New York: Karandeep Anand, an Indian-origin senior executive of Facebook, will head the social media giant’s enterprise communications tool Workplace, the company has announced.

Anand, who worked at Microsoft for 15 years before joining Facebook nearly four years ago, will work closely with Julien Codorniou, the Facebook vice-president who has been the leader of Workplace, CNBC reported.

Karandeep Anand holds a bachelors degree with honors in databases & data mining from the International Institute of Information Technology, Hyderabad. He also studied at the Kellogg School of Management.

Workplace, the London-based Facebook division, is a communications tool for companies and businesses.

Karandeep Anand will handle the Workplace product team, which includes developers, engineers, researchers and data scientists, while Codorniou will remain in charge of sales and partnerships, a Facebook spokeswoman was quoted as saying in the report.

At Facebook, Anand has been the head of product for a number of other divisions, including Marketplace, Audience Network and Ad Solutions, according to the report.

“I’m excited to now be part of the journey of bringing Workplace to companies across the globe and help them unlock the potential of their biggest asset — people," Karandeep Anand wrote on his LinkedIn profile.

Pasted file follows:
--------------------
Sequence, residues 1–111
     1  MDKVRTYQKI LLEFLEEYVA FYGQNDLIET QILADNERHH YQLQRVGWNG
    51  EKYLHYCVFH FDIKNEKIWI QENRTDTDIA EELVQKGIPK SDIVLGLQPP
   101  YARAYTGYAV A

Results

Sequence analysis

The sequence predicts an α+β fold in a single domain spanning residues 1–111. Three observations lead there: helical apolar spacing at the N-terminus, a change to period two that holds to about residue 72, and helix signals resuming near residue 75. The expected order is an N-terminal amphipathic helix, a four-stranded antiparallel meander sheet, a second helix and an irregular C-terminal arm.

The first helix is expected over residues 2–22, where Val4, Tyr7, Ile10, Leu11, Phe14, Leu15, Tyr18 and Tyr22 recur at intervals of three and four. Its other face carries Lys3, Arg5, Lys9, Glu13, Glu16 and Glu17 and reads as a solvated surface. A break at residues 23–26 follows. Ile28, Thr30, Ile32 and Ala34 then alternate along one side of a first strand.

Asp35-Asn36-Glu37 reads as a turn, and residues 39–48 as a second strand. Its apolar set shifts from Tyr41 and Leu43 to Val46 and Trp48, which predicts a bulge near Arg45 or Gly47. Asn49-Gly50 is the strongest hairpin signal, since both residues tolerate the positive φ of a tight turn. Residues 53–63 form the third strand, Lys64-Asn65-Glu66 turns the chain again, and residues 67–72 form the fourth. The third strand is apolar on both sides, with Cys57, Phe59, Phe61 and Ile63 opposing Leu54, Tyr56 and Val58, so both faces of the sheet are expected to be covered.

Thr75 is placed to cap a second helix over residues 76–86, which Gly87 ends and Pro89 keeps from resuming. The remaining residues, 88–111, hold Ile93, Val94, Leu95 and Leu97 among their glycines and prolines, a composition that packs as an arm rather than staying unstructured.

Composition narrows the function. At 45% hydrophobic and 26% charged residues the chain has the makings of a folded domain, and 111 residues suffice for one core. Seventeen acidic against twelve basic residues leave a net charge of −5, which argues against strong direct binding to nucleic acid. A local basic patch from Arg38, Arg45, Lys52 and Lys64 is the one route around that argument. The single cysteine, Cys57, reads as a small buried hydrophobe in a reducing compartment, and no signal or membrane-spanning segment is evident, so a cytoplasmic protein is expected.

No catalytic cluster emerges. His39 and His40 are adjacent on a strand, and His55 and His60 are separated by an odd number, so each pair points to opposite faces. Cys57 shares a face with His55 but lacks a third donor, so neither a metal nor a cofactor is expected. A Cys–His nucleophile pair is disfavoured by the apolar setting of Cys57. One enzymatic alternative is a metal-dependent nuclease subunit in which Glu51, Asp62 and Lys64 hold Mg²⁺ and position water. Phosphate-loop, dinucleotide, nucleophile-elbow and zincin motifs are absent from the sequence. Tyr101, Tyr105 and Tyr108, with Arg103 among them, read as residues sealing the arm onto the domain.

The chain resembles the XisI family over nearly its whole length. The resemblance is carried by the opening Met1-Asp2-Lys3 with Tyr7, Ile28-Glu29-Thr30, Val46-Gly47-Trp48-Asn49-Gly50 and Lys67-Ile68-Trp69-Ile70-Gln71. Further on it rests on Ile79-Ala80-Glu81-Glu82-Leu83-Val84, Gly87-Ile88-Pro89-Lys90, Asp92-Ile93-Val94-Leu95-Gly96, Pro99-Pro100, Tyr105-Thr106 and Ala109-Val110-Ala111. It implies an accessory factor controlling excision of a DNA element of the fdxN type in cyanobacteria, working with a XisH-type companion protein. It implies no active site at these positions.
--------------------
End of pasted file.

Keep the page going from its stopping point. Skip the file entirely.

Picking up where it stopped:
The spokeswoman said: “We’re thrilled that Karandeep is joining Workplace as its new head, effectively immediately. Karandeep joins Workplace from Marketplace, and brings with him a wealth of experience from both a consumer and enterprise background. We’re excited to have him on board".

In its two years of existence, Workplace by Facebook has big names such as Walmart, Starbucks and Chevron as its customers, the report said. However, it is behind rivals such as Microsoft and Slack in the enterprise communications software market.

Workplace is used by 30,000 organisations, according to a Facebook report in October 2017.

Microsoft Teams is used by 329,000 organisations, while Slack by 500,000 organisations, including 70,000 paying organisations, the CNBC report added.

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